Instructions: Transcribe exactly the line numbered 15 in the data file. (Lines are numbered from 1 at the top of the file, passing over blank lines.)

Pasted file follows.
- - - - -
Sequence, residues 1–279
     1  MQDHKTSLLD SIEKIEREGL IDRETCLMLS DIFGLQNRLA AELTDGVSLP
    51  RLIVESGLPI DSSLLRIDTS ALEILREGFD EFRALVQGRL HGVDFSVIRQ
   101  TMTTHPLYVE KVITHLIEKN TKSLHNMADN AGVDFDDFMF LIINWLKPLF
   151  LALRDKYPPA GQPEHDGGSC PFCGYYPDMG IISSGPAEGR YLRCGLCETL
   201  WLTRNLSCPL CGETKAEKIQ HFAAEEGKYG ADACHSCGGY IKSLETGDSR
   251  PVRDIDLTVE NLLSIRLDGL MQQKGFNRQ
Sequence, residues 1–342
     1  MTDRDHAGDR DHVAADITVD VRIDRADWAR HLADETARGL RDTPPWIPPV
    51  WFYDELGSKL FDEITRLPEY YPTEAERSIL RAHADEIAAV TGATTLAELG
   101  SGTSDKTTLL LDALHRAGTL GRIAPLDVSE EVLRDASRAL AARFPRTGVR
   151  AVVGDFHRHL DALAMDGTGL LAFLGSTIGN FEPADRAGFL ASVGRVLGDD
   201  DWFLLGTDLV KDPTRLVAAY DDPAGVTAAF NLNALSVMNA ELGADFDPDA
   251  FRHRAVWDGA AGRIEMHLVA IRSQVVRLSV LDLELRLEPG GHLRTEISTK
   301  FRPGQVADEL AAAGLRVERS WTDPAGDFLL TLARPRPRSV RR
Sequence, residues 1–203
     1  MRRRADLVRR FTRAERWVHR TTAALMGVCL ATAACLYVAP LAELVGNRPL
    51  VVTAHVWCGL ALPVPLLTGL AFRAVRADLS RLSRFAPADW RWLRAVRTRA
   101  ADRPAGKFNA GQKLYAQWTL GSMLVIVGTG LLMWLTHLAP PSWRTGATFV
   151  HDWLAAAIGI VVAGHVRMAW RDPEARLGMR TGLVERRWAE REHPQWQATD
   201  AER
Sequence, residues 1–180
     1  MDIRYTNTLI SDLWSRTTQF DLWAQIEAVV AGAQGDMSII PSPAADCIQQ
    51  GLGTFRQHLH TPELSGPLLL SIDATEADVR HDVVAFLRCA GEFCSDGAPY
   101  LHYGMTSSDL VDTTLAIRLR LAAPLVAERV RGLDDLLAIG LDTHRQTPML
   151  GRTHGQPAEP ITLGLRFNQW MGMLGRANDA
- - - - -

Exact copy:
   301  FRPGQVADEL AAAGLRVERS WTDPAGDFLL TLARPRPRSV RR